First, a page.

Since ECB boss Draghi hinted at the March interest rate meeting that the central bankers considered adjusting their forward guidance, speculation has risen about how and whether a reduction of monetary policy stimulus could be implemented.
Excess liquidity in the Eurozone has meanwhile increased to more than EUR 1.5 trillion, partly due to ECB bond purchases, and will rise further to hit the EUR 2 trillion mark as the program continues. Central bank liquidity in the market is nevertheless distributed very heterogeneously among the various euro countries. More than 70% of excess liquidity is concentrated at German, French and Dutch banks. German commercial banks hold significantly more central bank liquidity at the Bundesbank than they demanded as part of tender operations or has accrued to them as part of bond purchases. This means in turn that German commercial banks are affected to a much greater degree by the negative deposit rate than other European banks. Not only this situation necessitates a rethink on the negative deposit rate policy, however.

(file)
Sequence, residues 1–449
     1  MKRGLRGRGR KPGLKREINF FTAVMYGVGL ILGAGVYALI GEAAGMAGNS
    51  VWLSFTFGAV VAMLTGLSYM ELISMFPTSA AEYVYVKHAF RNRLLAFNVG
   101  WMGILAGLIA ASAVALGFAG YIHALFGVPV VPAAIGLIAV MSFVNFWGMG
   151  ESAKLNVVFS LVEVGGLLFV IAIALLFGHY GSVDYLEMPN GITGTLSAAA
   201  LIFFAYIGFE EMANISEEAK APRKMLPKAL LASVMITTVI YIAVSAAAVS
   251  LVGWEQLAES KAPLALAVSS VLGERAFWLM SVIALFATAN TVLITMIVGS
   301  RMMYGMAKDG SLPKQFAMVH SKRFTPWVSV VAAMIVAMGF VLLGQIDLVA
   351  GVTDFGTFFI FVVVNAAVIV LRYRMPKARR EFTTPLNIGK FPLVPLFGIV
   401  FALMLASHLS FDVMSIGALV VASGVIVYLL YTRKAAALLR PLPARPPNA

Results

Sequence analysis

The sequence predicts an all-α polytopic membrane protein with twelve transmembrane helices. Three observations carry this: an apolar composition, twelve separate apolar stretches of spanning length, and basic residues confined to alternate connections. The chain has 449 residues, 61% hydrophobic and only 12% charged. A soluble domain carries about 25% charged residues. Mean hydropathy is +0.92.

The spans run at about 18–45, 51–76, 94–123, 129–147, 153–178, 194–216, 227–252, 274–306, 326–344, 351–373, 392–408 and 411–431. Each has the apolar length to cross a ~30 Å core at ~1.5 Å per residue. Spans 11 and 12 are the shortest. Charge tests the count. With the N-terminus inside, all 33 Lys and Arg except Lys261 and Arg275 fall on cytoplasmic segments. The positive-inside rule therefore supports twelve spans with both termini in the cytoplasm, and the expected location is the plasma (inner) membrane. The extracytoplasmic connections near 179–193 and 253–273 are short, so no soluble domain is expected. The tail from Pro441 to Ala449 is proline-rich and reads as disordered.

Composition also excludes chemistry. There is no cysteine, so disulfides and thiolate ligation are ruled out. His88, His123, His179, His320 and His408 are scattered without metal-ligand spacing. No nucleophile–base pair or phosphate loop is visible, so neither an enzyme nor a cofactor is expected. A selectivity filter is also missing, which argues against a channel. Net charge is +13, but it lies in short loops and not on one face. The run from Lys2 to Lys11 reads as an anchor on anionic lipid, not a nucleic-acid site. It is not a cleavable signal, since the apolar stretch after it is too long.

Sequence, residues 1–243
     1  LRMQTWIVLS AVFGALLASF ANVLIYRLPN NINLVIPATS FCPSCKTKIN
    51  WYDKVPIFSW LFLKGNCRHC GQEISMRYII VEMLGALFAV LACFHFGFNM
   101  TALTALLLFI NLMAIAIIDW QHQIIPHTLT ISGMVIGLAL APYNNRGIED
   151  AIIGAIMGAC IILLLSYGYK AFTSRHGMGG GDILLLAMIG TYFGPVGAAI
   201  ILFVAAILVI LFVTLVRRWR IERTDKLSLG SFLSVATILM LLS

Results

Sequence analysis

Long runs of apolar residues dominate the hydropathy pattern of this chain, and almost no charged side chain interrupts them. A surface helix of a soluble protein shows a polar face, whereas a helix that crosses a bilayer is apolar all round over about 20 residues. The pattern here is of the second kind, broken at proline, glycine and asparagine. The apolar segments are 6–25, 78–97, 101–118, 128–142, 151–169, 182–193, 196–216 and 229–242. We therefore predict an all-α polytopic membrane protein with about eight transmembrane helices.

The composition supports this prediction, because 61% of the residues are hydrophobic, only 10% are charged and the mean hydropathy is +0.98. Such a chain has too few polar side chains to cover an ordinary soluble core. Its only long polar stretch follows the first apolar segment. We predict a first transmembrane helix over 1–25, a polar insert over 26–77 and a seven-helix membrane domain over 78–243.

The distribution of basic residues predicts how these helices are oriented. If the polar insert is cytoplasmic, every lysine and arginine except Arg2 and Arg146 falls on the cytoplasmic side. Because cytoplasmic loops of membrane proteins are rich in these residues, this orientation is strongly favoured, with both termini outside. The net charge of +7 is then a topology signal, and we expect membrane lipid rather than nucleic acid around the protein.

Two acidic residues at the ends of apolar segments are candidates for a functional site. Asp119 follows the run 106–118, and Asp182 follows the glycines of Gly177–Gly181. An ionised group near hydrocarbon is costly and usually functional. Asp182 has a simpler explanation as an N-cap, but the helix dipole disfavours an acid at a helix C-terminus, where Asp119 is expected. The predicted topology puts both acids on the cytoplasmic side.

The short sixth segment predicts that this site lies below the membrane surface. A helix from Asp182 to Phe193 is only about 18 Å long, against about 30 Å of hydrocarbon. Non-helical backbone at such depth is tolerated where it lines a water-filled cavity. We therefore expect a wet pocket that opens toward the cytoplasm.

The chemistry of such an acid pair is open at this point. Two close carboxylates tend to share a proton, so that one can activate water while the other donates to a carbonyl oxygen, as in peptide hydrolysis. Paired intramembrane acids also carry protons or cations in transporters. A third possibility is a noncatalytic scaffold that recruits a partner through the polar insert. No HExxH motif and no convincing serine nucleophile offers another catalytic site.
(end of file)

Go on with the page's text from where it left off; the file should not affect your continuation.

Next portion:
The argument that a negative deposit rate forces commercial banks into lending more does not look very convincing. It is clear, for example, that banks in the European periphery park excess liquidity at their respective central bank to a comparatively minor extent. Given this, these banks have no need to expand their lending activities to avoid the ECB’s punitive rates. Lending in core Europe is on a relatively robust trend, by contrast. Banks in core Europe are almost being punished for their business policies as a consequence: they offer a high degree of security, which is why money is parked with them, and they extend loans. Given all the aforementioned we would consider it a reasonable move for the central bank to raise its negative deposit rate – as part of its extraordinary monetary policy measures in the battle against deflation risks – at least far enough to establish symmetry in relation to the main refinancing rate. Lifting the deposit rate from currently -0.40% to -0.25% in the autumn – once landmark elections in Europe are over – would constitute a corresponding move. The monetary policy stimulus remains expansive with a continued negative deposit rate, but with such a measure the ECB can reduce the alarm level.